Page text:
Friday, March 8, 2024


 We woke up to rain pattering in the roof on the day that a bus tour was organised by one of our residents. It was to Canungra where the Mountain View Alpaca Farm is situated.  It is not far from home, less than an hour's drive through beautiful rolling hills of the Scenic Rim region. We stopped on the way for morning tea at the Bearded Dragon Hotel. 

Leaving the Bearded Dragon Hotel

Luckily the rain was easing off when we continued up the mountain to Canungra, a little village with interesting little shops for the city visitors.  We continued on to the farm. There was a shop selling alpaca goods and bags of food to feed to the alpacas.

The rain had made these cute animals look a bit bedraggled and scruffy. I laughed at their messy hairdo's. We have had a hot summer so the alpacas have been shorn and don't look like the usual fluffy. woolly, cuddly animals that they are. This one poses for Bill.

Love the eyelashes. Alpacas are a native of South America, especially Peru. The Andean people used them for sustenance. Eating the meat and using the fibre. The fibre is used for knitted and woven items such as blankets, jumpers, hats, gloves and scarves.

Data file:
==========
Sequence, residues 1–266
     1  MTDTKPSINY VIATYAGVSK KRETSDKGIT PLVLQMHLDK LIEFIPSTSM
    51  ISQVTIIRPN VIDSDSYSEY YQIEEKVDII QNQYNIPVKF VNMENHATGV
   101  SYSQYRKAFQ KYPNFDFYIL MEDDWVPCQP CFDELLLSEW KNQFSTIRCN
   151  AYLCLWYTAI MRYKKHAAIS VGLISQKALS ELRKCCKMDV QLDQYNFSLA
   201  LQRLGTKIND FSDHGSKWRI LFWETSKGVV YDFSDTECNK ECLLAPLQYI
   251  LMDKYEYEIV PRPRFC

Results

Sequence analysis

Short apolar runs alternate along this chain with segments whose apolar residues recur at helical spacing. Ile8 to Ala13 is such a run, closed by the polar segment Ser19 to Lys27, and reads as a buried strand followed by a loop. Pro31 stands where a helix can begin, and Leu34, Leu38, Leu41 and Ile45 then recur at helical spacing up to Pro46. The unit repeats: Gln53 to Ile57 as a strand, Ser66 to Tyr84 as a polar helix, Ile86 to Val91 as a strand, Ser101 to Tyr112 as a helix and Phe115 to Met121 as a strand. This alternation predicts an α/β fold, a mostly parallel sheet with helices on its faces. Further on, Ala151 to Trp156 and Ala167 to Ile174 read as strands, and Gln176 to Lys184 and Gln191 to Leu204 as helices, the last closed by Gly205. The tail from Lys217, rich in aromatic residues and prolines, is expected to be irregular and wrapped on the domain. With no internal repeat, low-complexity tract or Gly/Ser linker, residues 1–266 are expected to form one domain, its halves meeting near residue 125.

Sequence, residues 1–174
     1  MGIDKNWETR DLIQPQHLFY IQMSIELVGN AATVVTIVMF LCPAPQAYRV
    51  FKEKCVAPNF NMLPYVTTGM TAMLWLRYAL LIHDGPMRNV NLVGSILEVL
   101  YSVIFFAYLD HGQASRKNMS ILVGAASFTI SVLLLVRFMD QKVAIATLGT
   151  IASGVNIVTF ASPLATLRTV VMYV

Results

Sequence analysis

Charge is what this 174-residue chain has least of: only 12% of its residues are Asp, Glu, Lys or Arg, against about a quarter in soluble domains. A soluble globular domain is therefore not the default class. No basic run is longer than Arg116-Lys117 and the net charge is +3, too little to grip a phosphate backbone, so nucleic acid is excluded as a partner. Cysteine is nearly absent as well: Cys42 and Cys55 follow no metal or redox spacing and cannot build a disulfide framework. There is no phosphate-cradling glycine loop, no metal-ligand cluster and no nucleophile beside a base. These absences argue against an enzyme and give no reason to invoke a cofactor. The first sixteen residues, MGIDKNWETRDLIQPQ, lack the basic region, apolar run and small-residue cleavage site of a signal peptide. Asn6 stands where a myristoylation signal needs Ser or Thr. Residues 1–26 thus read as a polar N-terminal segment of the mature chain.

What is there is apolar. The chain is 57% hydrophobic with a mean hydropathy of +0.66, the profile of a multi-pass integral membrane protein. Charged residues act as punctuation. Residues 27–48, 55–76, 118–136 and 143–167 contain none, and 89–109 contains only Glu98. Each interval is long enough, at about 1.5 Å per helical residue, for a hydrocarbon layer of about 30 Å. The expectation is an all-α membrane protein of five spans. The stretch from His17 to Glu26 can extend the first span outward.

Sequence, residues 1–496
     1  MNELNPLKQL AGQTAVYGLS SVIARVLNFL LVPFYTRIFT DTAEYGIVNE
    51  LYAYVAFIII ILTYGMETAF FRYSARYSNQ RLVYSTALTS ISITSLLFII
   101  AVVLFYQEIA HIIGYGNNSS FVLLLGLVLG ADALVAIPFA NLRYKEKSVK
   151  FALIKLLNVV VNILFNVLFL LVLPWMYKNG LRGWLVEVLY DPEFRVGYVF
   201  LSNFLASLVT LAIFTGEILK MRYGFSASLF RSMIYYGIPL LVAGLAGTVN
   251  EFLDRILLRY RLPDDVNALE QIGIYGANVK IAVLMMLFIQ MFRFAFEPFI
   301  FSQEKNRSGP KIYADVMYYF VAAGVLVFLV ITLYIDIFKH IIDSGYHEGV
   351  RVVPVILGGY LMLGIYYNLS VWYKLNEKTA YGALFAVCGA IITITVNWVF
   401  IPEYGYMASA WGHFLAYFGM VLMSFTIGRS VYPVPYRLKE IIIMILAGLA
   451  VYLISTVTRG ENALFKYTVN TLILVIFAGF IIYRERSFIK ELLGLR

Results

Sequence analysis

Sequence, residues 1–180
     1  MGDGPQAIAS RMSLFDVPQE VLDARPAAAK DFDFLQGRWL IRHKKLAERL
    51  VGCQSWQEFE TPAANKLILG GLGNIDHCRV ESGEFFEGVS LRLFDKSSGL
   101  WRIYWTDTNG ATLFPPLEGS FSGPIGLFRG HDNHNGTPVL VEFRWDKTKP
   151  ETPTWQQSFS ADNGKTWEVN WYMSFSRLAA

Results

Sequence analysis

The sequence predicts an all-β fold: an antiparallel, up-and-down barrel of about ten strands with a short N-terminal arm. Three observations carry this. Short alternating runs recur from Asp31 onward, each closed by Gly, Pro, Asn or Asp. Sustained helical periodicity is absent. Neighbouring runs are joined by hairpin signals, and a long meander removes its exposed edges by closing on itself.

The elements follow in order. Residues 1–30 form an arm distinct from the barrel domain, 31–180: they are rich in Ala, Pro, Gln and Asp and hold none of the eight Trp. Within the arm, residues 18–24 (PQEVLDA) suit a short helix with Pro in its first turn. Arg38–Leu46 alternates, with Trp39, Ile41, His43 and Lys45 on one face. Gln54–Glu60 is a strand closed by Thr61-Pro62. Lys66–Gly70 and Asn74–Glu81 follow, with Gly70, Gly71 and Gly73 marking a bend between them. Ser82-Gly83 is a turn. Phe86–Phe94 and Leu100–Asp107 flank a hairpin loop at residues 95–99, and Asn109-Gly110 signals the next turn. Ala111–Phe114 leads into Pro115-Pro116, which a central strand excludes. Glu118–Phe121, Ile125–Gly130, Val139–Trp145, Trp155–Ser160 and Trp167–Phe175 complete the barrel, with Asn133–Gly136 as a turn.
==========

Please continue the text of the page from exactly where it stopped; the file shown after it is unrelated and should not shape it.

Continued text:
They are now found all over the world in captivity. They are farmed for their fibre. They are also used to protect sheep herds. They are good at fighting off predators like wild dogs, foxes, wolves and dingos.

They are starting to be used as therapy alpacas in aged care facilities because they can be trained to be good company for humans. However, if they get stressed or frightened they spit. They use body language to communicate to each other.

We enjoyed the short walk around the enclosures stopping to feed them now and then.

This one needs a blow dry but they do have lovely eyes. The ones in this  pen were ready to be taken for a walk in the surrounding paddock. Unfortunately we didn't do that.

Next door there is O'Reilly's winery where we could taste the wines and then it was back on the bus to go to lunch at the Canungra Hotel.

We had a while to wait before lunch so that we could have time to walk around the village shops. Bill and I found an interesting second hand book shop, Steph, above, found this cute handmade doll. Others found shoes and clothes or had a drink in the hotel. It took some time for all 38 of us to get our meals and then it was a chat with friends and onto the bus for home.